Iran Ready to Turn on the Internet
Earlier this year I wrote about Iranian plans to switch off access to the World Wide Web for its citizens, building instead a domestic Internet service with only approved content on it.
At the time Iran played down the plans, saying it had no such intentions. Reuters are reporting however that the plans are in fact very near to fruition.
Iranian officials suggest the new locked down version of the Internet is being released to improve cyber security, but many, not least Iranian citizens, will fear it is instead an attempt to crack down on freedom of speech.
An official government statement revealed that both Google and Gmail will be amongst the first sites to be blocked.
"Google and Gmail will be filtered throughout the country until further notice," an official identified only by his last name, Khoramabadi, said, without giving further details.
Iran already has one of the most stringent filtering systems in place, blocking Iranians from accessing sites it deems offensive or criminal. It is believed that Google is being blocked in relation to the anti-Islamic film published on YouTube this month.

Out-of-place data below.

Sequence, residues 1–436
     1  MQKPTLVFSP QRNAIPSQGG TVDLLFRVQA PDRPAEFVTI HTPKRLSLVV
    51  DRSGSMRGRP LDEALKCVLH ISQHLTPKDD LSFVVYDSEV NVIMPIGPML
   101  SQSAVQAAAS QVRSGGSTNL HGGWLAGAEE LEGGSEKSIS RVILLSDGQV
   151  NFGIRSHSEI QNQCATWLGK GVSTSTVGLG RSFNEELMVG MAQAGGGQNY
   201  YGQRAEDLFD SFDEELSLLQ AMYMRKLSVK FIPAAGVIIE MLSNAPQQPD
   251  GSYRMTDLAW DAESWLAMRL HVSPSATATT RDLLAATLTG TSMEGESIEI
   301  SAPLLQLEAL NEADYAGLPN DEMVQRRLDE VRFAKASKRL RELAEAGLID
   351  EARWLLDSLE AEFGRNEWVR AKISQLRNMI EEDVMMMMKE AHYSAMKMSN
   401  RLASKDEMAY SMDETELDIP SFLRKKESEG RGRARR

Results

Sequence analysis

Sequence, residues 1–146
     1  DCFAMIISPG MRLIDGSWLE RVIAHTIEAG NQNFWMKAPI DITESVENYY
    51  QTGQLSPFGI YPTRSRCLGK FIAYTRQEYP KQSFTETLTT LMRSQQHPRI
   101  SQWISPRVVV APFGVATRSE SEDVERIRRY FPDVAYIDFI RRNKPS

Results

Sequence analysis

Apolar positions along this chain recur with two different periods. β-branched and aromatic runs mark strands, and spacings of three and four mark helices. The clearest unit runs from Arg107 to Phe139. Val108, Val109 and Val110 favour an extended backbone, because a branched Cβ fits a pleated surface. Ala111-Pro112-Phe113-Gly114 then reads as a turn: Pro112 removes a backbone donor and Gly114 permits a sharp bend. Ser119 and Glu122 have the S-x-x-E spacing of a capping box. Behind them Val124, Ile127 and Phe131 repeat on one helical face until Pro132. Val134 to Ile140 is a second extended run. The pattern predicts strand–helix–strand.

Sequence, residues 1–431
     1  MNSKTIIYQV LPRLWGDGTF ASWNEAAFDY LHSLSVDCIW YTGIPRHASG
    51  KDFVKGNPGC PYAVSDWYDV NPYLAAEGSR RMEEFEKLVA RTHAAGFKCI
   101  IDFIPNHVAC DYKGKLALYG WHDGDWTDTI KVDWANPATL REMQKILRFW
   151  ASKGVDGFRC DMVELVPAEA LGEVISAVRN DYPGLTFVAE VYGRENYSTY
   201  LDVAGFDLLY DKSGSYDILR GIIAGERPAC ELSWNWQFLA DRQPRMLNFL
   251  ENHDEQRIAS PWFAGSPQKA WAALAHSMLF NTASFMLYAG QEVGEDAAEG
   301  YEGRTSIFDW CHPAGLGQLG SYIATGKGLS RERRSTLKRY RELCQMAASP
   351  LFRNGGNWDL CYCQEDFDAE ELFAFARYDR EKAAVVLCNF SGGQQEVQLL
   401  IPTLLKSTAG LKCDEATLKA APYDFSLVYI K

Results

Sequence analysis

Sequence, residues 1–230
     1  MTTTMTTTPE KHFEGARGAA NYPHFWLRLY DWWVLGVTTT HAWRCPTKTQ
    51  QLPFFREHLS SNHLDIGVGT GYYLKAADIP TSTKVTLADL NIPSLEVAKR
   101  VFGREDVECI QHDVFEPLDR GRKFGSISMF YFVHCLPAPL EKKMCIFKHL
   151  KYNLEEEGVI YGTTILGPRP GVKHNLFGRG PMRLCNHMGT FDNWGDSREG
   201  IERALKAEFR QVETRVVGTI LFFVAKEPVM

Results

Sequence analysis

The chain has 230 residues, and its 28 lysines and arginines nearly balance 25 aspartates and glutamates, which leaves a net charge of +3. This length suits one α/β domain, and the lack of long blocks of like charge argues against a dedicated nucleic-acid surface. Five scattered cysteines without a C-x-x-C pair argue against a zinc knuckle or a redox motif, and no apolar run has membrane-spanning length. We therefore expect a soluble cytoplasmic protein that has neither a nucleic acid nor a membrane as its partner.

Most Iranians however believe the banning of sites such as Facebook and YouTube is more to do with blocking freedom of speech, and more importantly freedom of protest.
Iranians commonly overcome the government filter by using virtual private network (VPN) software that makes the computer appear as if it is based in another country.
The new system would however be isolated from the rest of the Web.
"In recent days, all governmental agencies and offices ... have been connected to the national information network," deputy communications and technology minister Ali Hakim-Javadi was quoted as saying by the Mehr news agency.
The next phase would see regular citizens connected to the network. The plan is to have the system fully operational by March 2013. At this stage it's unclear whether access to the global web would be completely cut off at that point.
Last year several UK politicians raised the idea of shutting off access to the Internet during periods of civil unrest, such as the riots in London last year. That was met with widespread condemnation, but that seems small fry compared to these ambitious, if very scary, plans by Iran